Do you remember a few years ago when Kogan rocked the mobile world with a plan including 4GB of data for $40 per month? We lived in such simple times.
Tagged With planhacker
What a month it's been for phone fans. Apple's iPhone X hit stores at pretty much the same time as Google's new Pixel 2 handsets, the Samsung Galaxy Note8 came earlier a few weeks earlier, and let's not overlook the new LG V30+ or the Mate 10, probably Huawei's best phone to date.
While this makes for a formidable list of great smartphones, all eyes are on the iPhone X and the Pixel 2. Both phones are a window into how two of the world's biggest tech companies see smartphones today, and are two of the best phones of the year.
"Phone season" is well and truly in swing, with many of this year's big devices now available. There are a few more yet to be come, but a plethora of new phones is the perfect time for telcos to fight over customers looking to upgrade. This has led to some shakeups in the plan space, with plenty of new big data options.
It's a truth universally acknowledged that everyone loves getting stuff for free. Unfortunately, there's no such thing as a free smartphone, no matter how alluring that "$0" handset repayment fee is. This is made abundantly clear when you compare a SIM-only plan to a 24-month contract, even before you factor in any handset repayments.
However, we tend to see the first plan where a carrier drops the handset repayment fee as a sort of tipping point. If you're paying a handset fee there's a chance you're paying too much for your phone. If you're paying $0 for the phone, you could be paying too much for data. Sometimes those first $0 handset repayment plans can be 'just right' if you're looking for the best value option.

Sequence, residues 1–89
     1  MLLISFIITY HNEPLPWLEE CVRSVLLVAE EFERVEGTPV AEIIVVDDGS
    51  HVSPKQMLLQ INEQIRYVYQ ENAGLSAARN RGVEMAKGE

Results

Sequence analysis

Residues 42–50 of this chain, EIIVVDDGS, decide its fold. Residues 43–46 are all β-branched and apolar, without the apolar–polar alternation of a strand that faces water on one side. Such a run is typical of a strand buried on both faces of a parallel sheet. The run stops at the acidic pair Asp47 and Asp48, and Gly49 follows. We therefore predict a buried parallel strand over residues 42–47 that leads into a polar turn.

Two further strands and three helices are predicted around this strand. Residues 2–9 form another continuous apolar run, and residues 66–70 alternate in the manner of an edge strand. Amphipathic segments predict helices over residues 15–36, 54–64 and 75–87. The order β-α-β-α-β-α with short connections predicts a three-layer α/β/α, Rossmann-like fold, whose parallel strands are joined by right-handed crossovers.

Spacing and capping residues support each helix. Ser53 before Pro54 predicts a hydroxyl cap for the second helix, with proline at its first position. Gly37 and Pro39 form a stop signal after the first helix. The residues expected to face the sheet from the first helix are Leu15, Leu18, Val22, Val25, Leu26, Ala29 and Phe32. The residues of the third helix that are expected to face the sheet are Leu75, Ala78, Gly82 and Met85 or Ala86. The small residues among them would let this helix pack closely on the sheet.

We talk a lot about the NBN, but for millions of Australian homes ADSL2+ is still the technology that delivers us Netflix, porn and news about Donald Trump. Such is 2017.
For example, my house is still at least a year from an NBN connection, but I'm also out of contract on my home broadband, and I know that there are better deals available now to get on board with. So why wait?
If the rumour mill is correct, we could be looking at a $1500 price tag on Apple's new iPhone when it hits stores in a few weeks. And it won't be alone; Samsung's new Note 8 also launches with a $1,499 RRP towards the end of the month.
But you don’t have to spend $1500 on a new phone, of course. There are loads of great options for half the price or less. We've also included a selection of mobile plans for each option!
The Samsung Galaxy Note8 doesn't go on sale until 22 September, but a bunch of Aussie telcos have put pre-order plans up on their websites. If you're stumped for cash but are desperate to get your hands on the Note8, here are the cheapest available plans from Optus, Virgin and Vodafone.
Choosing an NBN plan seems easy — and it should be — but the NBN is an unruly beast and, as loads of people are finding out, it can be hard to get what you pay for.
Issues with congestion and the limitations of FTTN technology can mean that while you may sign on for a 100Mbps NBN plan, there are a number of factors that determine how frequently you’ll get 100Mbps, if at all. This isn’t to say you should avoid the NBN, just that it is worth dipping in a toe before you dive in headfirst. No contract NBN plans are the solution.
With just two weeks until the new Samsung Galaxy S8 hits stores in Australia, it’s time to ask the tough questions. Is the edge-to-edge ‘Infinity’ display all it’s cracked up to be? What’s the deal with DeX and does it work?
But perhaps most importantly: is it cheaper to buy an S8 on a plan than an iPhone 7?
The reviews are in and everyone seems to agree that the new Galaxy S8 is the world’s best phone ever. (Take that, Nokia!) With that decided, we now turn our attention to the question that our worried spouses and accountants are asking: What’s the best way to buy the S8? Outright or on a contract plan?